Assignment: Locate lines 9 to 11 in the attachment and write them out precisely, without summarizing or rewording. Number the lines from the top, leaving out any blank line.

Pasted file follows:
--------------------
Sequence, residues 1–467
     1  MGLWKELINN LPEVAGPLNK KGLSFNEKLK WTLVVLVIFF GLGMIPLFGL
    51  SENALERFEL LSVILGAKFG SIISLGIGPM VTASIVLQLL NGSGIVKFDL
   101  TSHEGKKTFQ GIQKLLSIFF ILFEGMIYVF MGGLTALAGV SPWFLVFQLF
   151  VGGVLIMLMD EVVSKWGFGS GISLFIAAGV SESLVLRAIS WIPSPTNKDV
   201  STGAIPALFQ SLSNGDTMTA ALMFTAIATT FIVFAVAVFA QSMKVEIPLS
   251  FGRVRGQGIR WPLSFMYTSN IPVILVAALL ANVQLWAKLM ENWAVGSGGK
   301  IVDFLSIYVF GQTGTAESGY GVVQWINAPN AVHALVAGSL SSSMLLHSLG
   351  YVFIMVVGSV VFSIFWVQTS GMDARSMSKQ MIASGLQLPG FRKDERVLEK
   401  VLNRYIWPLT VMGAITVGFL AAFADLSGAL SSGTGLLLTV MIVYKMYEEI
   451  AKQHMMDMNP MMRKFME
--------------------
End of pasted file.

   351  YVFIMVVGSV VFSIFWVQTS GMDARSMSKQ MIASGLQLPG FRKDERVLEK
   401  VLNRYIWPLT VMGAITVGFL AAFADLSGAL SSGTGLLLTV MIVYKMYEEI
   451  AKQHMMDMNP MMRKFME